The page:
Popular Music and the Culture Wars
Friday, April 3, 2020, 10:00 AM - 11:30 AM
Type: Paper Session
Tags: Music; Popular Culture
The past decade has seen a flowering of scholarship on the late twentieth-century American culture wars. While James Davison Hunter’s 1991 volume Culture Wars, long the dominant interpretation of the phenomenon, argued that the conflict was simply a battle between evangelical Protestants and secular Americans, more recent scholars of the period have embraced a more nuanced analysis. Books by Andrew Hartman (A War for the Soul of America), Daniel Rodgers (Age of Fracture), David Sehat, and Robert O. Self, among many others, have reinterpreted the culture wars as a conflict between multiple competing visions of America – visions that differed over not only religion but ideology, politics, media, behavior, and family life. In fact, many aspects of the culture wars were more complex and less binary than they appeared in earlier interpretations – and nowhere was this complexity more obvious than in the battles over popular music in the 1980s and 1990s.
This panel argues not only that popular music was central to the cultural debates of the last fifty years, but that approaching the culture wars through the interpretive lens of music recasts conflict in important new ways. The four papers presented here return again and again to two overlapping themes: the centrality of race to cultural debates over popular music, and the complexity of the conservative response to cultural change within the musical realm. Indigenous people in post-1967 Detroit, explains Kyle T. Mays, drew on the musical languages of Hip Hop culture to demonstrate solidarity with Black revolutionaries and to advance their own cause of radical resistance. Meanwhile, in Chicago and other Midwestern cities, according to Brian M. Ingrassia, Italian-American “arena rock” band Styx articulated their own incipient whiteness by modernizing racist concepts such as “the Great White Hope” for Reagan-era audiences. The 1985 Parents’ Music Resource Center crusade against heavy metal music, argues Chelsea Watts, revealed not only the tensions within the conservative response to cultural change but also the strange connections between the politics of heavy metal performers and those of their conservative antagonists. And the enduring popularity of Lee Greenwood’s 1984 conservative anthem “God Bless the U.S.A.,” opines Jeremy C. Young, shows that a broad desire for unity persisted throughout the “age of fracture” – and that the divide between dreaming of unity and celebrating diversity was at its heart a racial one.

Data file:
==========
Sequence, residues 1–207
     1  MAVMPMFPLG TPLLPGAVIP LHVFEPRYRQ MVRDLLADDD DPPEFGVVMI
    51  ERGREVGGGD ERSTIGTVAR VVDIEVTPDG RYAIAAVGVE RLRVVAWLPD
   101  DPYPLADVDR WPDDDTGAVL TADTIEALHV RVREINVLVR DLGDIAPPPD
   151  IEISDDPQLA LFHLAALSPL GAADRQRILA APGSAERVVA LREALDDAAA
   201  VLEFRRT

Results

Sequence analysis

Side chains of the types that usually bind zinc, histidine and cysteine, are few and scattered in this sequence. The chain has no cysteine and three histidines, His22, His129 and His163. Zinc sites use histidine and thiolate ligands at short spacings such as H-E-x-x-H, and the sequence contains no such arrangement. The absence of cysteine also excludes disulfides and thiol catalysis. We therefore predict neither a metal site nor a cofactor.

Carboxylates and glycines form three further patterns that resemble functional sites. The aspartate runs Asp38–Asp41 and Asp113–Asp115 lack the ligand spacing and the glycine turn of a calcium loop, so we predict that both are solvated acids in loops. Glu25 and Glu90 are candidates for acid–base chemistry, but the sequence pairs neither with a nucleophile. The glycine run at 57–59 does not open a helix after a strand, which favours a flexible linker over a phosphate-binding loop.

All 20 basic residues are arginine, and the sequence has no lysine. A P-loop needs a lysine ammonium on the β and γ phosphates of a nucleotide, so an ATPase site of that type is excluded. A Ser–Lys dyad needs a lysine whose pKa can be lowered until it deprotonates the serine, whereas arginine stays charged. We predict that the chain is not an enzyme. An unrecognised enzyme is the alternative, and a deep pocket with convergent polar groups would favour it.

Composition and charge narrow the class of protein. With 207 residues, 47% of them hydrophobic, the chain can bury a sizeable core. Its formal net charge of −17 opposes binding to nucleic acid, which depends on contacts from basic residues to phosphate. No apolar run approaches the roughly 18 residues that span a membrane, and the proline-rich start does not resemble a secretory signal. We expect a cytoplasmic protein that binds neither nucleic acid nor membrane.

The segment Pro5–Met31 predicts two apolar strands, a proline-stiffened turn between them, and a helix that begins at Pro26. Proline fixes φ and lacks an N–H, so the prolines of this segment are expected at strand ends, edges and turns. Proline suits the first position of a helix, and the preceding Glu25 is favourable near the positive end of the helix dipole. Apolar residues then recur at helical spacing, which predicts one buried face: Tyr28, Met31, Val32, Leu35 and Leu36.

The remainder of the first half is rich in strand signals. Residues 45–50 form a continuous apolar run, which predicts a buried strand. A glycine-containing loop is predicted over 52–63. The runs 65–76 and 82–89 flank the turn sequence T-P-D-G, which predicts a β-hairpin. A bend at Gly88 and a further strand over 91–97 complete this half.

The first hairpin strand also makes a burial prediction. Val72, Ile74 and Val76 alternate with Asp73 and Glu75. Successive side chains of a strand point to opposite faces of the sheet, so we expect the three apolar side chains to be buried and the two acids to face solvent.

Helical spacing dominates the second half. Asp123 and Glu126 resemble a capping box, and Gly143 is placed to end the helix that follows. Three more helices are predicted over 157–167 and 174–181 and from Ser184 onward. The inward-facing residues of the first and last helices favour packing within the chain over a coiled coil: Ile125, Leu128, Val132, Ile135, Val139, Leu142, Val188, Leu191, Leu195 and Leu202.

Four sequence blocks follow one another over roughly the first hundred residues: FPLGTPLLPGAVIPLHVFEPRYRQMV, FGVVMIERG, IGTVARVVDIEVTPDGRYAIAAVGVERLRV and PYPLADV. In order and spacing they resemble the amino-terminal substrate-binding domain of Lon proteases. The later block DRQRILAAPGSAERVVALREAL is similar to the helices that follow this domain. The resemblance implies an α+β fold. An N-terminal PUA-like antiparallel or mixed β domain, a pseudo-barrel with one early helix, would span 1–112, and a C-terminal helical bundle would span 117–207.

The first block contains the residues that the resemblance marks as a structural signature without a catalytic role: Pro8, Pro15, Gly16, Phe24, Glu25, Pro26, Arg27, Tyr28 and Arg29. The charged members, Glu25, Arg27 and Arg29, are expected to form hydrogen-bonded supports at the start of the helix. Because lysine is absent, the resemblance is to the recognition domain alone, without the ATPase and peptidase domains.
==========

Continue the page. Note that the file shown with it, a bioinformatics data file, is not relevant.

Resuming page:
Taken together, the papers on this panel embrace the multifaceted nature of the culture wars by drawing fresh conclusions from a series of late-twentieth-century musical debates that animated the complexities of the age. Randall J. Stephens, whose The Devil’s Music: How Christians Inspired, Condemned, and Embraced Rock ‘n’ Roll (2018) is one of the most important books to consider the role of music in the modern American cultural divide, will chair the panel and offer a concluding comment.
Great White Hopes: Arena Rock Politics in the Age of Reagan